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Green Day: ¡Uno!

Album Review

Emo anger goes on overdrive as the quarter-century-old rebels begin to tell their life story.

Use Your Illusion I & II. Lucky Town and Human Touch. Nelly’s Suit and Sweat. History asserts that an act thinking they have enough brilliant new material to release two entirely separate albums back-to-back generally only have enough for one, at a push. Few have made it work – System Of A Down and Bright Eyes yes, Metallica and Radiohead arguably – and no major rock act has ever attempted to do a Billboard Bolt and go for the triple. Until now.

Green Day’s albums have long been bursting at their frayed denim seams. 2003’s American Idiot was a multi-segment, anti-war rock opera about the Jesus of Suburbia that crystalised US counter culture’s outrage at the Bush administration and the Iraq War, sold five million and spawned a Broadway musical and motion picture spin-off. Its 2009 follow-up, 21st Century Breakdown, widened the scope of their political punk rocket-launcher to take in religious hypocrisies, the medicated nation, apocalyptic visions and calls for violent revolution. These were concept albums crammed with messages, modern moralities and righteous rebellion; dumb punk Das Kapitals eager to kick down the barriers of what a rock’n’roll album can achieve. 

Having stretched the edges of the single disc format to snapping point, the multiple album seemed an inevitable next step. But Green Day are pushing even this concept into bold new territories. ¡Uno! is the first of three albums they’ll release bi-monthly, with ¡Dos! dropping in November and ¡Tré! terrorising January 2013. The make-up of ¡Uno! hints that the triptych might form a loose band autobiography – at a spritely 41 minutes and shorn of flam and fiction, it barrels through 12 Celtic-shaded punk pop bangers in the style of 1994’s early breakthrough record Dookie, rarely breaking a four-minute sweat and entirely discarding the rock opera pomp that’s laced their last decade. ¡Uno! appears to be The Green Day Story: Chapter One. 

Any lingering momentum from 21st Century Breakdown’s socio-political roundhouses is expelled in the first few tracks. Nuclear Family, in a flurry of jet-skiiing rock’n’roll riffs, bemoans the ‘death of the nuclear family’, but more from youthful hedonism tainting the ideal than any sort of oppression: ‘I’m gonna ride the world like a merry-go-round’, yowls Billie Joe Armstrong, flush once more with carefree exuberance, the only apocalypse on his mind a thermonuclear drinking spree (‘like a nuclear bomb, it won’t be long till I detonate’). The powerchord shanty Carpe Diem brings the album’s only whiff of warfare with its talk of bomb threats and being ‘too young to die’, but even this is couched in a celebration of life and youth resembling a cross between American Pie and Dead Poet’s Society. Between those two is plonked the emo pop hook-storm Stay The Night, a classic tale of lusty rutting against the bins round the back of the prom.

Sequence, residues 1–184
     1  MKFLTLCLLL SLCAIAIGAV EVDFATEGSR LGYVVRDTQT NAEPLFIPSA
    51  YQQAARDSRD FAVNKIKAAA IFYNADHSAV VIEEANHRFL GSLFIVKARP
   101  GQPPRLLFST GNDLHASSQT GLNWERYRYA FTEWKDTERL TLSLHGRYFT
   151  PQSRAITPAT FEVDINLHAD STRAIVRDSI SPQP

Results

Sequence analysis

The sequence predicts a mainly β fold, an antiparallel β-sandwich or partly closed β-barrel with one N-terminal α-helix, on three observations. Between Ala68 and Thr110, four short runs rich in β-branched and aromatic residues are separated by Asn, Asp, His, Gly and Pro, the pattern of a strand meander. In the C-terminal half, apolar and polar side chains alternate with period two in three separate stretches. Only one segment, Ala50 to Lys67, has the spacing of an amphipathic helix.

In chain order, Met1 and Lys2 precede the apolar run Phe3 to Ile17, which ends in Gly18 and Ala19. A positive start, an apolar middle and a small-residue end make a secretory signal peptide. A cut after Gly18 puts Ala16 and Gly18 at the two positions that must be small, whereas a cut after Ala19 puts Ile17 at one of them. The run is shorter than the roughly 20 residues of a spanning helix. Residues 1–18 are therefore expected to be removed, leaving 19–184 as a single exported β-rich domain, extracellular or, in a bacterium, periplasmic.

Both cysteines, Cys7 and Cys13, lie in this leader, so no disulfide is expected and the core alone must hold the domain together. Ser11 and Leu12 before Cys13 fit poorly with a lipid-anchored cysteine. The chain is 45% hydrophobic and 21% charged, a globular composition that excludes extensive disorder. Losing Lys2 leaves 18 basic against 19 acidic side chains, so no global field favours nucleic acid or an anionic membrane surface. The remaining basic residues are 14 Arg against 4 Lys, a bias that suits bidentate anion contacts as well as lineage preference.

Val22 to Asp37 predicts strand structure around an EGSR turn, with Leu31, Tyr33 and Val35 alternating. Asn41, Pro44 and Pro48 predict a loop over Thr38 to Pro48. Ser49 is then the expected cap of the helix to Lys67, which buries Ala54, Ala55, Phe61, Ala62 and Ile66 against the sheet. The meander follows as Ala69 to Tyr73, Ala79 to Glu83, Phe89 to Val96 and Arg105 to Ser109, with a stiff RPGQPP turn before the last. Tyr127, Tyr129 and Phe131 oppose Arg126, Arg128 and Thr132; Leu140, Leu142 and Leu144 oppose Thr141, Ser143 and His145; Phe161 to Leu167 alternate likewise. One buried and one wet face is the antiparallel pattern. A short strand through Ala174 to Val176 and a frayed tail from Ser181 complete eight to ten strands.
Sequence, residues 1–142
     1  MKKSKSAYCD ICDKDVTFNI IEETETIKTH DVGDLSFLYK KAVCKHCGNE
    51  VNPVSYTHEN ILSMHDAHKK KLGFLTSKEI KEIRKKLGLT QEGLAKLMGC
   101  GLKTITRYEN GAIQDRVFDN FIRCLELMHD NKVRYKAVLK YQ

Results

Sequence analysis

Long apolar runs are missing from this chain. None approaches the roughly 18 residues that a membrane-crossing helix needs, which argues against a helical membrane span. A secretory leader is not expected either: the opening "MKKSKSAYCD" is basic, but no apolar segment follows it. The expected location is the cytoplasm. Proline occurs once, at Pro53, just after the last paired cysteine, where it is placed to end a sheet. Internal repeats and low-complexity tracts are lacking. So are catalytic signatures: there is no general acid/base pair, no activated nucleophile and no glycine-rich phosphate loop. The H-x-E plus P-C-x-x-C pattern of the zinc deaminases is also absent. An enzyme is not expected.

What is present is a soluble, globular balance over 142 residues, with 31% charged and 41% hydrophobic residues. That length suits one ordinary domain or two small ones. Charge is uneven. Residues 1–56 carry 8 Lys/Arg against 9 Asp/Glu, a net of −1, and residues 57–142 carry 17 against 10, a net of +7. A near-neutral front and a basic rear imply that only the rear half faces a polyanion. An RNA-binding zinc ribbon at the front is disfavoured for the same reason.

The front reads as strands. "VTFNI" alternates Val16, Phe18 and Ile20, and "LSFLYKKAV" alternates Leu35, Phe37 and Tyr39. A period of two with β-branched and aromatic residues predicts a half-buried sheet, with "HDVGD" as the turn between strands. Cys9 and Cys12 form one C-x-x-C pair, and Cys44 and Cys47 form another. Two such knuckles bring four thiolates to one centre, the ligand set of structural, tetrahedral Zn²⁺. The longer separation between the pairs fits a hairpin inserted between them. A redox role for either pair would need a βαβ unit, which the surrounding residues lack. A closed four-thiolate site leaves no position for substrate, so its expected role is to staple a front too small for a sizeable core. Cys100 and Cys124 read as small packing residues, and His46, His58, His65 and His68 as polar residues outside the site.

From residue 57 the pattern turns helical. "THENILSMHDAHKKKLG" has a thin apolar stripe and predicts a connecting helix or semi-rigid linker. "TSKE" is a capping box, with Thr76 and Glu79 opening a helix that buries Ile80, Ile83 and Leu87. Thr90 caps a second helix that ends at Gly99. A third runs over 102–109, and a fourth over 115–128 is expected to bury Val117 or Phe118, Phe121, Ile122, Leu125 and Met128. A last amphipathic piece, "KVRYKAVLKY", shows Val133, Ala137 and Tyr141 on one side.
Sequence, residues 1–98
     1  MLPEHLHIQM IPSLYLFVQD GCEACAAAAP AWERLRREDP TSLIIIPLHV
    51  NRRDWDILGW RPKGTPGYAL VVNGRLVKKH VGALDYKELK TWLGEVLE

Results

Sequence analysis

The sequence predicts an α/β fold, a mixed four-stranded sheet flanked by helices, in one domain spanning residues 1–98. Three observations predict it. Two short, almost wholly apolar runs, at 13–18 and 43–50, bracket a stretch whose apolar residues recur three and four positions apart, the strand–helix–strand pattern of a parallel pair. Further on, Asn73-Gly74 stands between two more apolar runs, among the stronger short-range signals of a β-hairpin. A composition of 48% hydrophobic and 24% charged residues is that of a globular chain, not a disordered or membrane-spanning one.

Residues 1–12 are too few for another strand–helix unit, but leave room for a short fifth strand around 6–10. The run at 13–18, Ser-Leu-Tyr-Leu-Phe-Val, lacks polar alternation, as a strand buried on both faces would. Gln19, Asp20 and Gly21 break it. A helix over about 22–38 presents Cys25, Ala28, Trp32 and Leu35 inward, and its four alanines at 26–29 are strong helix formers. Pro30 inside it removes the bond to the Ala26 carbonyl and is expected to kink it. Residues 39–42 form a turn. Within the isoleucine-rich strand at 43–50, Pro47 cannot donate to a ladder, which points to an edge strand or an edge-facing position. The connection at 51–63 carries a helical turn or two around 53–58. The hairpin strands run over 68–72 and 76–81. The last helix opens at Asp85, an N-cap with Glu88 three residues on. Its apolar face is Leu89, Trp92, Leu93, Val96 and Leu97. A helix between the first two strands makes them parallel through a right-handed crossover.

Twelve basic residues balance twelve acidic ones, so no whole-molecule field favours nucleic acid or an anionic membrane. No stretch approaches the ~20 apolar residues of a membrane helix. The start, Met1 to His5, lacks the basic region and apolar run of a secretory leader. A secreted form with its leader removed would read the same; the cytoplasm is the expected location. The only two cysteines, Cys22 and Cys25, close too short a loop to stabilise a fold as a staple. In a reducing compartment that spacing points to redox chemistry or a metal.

Green Day may be in their 25th year, but ¡Uno! opens like a bunch of teens revving their punk pop two-wheelers, ready to smash through the garage doors. From there it’s a full throttle ram-a-lama riot, with Billie Joe’s anger issues increasingly taking the handlebars. Let Yourself Go – a bilious bite-back at boring blokes in bars – is sheer pogo abandon complete with Armstrong gargling ‘Gotta let it go!’ like a biker-joint Golum and unleashing a solo that sounds like BB King on fast-forward. Loss Of Control is The Ramones bent on high school revenge. And, on a similarly slaughterous theme, first single Kill The DJ stands out as a rare stylistic side-step, a funky disco blues smacking of Artic Monkeys and Hard-Fi that finds Armstrong driven so insane by street beats and bad booze in a park that he demands the cold-blooded assassination of DJs playing, um, funky disco blues. It’s the most anti-dancefloor dancefloor song since The Smiths’ Panic

An exultant opening, a mid-album chunk of savagery, then ¡Uno! gradually shifts towards maturity. Rusty James’s portrait of the lonely last biker in a run-down town oozes AOR slickness and closer Oh Love brings the story up to the Queen-style military rallies of American Idiot. By reanimating their early punk snarls they inevitably end up mimicking bands that they originally inspired along the way – Trouble Maker is essentially The Hives’ Main Offender, for example, and Sweet could be a long lost Weezer classic – but ¡Uno! is nonetheless a consistent collection of top-hole melodic punk pop that finds Green Day back at their youthful best, burning up the beaches, chugging Buds and not caring for the storm on the horizon. 

Will ¡Dos! be the Dystopian diatribe and ¡Tré! the experimental wubstep slab of the emo future? We can but hope.

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